However, if you satisfy the debt after a month, you can request a ‘certificate of satisfaction’ from the same court that issued the judgment to prove that you no longer owe the debt.

This requires proof of payment and a court fee of £14 but will show lenders and credit reference agencies that the debt has been settled and make it easier to access credit without having to wait six years.

The only other way to get a CCJ removed early (set aside) is by proving that the default judgment shouldn’t have been issued in the first place. This could be because the letter of claim was sent to the wrong address or your creditor didn’t follow the correct rules, for example.

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What happens if I ignore a CCJ?

CCJs should be taken seriously and there can be severe consequences for ignoring them. We’ve outlined some of the things that could happen when you ignore a CCJ below:

Bailiffs can visit you and seize your belongings

One of the first things your creditor will do when you ignore a CCJ is instruct bailiffs or High Court enforcement officers to visit you at home and start removing your belongings.

These items will then be sold at auction with all proceeds going towards repaying your debt.

Bailiffs will usually start by asking you to repay the debt in full but, more often than not, they will be happy to accept a ‘controlled goods agreement’, which is when you agree to make small payments towards the debt in exchange for keeping your belongings.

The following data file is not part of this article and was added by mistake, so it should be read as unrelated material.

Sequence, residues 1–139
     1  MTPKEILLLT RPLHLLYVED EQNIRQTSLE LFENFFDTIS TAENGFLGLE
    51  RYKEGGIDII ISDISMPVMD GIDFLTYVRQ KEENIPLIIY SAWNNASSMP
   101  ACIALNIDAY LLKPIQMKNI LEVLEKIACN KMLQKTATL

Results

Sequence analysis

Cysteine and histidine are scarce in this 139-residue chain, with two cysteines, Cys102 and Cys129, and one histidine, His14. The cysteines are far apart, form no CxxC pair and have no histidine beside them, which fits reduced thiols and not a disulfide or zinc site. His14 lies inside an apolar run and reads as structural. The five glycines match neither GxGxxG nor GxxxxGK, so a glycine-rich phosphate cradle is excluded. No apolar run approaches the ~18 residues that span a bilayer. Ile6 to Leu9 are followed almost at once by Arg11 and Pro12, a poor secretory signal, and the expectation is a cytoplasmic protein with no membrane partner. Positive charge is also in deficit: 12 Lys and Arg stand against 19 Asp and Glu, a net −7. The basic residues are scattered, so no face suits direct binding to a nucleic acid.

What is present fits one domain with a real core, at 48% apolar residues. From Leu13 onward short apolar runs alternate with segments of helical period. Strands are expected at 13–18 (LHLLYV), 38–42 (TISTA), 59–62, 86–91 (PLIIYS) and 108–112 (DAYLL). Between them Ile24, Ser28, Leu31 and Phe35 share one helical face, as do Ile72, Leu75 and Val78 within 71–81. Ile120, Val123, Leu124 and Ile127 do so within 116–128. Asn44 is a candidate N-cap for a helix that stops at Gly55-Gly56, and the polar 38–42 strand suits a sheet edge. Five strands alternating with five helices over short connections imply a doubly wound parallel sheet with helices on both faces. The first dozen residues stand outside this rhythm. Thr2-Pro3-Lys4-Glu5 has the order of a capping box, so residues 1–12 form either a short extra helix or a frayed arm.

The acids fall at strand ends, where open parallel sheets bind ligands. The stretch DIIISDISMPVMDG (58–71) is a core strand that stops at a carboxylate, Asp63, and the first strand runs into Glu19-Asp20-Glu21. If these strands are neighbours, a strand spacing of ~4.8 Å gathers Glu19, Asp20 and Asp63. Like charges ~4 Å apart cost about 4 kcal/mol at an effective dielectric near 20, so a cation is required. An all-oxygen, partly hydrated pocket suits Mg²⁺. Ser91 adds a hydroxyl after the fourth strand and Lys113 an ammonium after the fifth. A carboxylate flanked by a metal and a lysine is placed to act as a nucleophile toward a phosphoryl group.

The money owed can be forcibly taken from your wages

The next step in getting you to pay a CCJ is taking the debt straight from your earnings by deducting a set amount from your monthly wages until the debt has been fully repaid.

This is known as an ‘Attachment of Earnings Order’ and is a way of ensuring your creditor recovers the money they are owed before you have a chance to hide it from them or spend it on something other than repaying your debt.

Your funds can be frozen

Finally, the money in your bank account or building society can be frozen to stop you from withdrawing it and spending it on anything other than debt repayment.

This is called a ‘Third Party Debt Order’ and is a way of ordering a third party that owes you money (e.g. your bank or building society) to send funds directly to an individual or company that you owe.

Do you need help with a CCJ?


A County Court Judgement (CCJ) is a way for your creditor to collect a debt that they have been unsuccessful in recovering without the help of the court.

CCJs stay on your credit file for six years regardless of whether you pay them or not. During this time, your credit rating will be lowered and you’ll struggle to get approved for further credit.

Remember, the only way to get a CCJ removed from your credit file is by paying the full amount owed within one month of receiving the judgment.

Key Takeaways

A CCJ is a type of court action your creditor can take to get you to repay money you owe
There are several steps involved in the CCJ application process and you'll be given a chance to approve or challenge the judgment
CCJs stay on your credit record and a public register for six years and can only be removed if you pay the full amount owed within a month
You can only get a CCJ set aside if you can prove it was issued in error
Ignoring a CCJ will lead to further legal action being taken against you
Maxine McCreadie

Maxine McCreadie

Author/Debt Expert

Maxine McCreadie, prominent personal finance writer featured in Vogue and Yahoo News, delivers practical guidance, simplifying money management and championing financial literacy.

How we reviewed this article:


Our debt experts continually monitor the personal finance and debt industry, and we update our articles when new information becomes available.

Current Version

May 8 2024

Written by
Maxine McCreadie

Edited by
Ben McCormack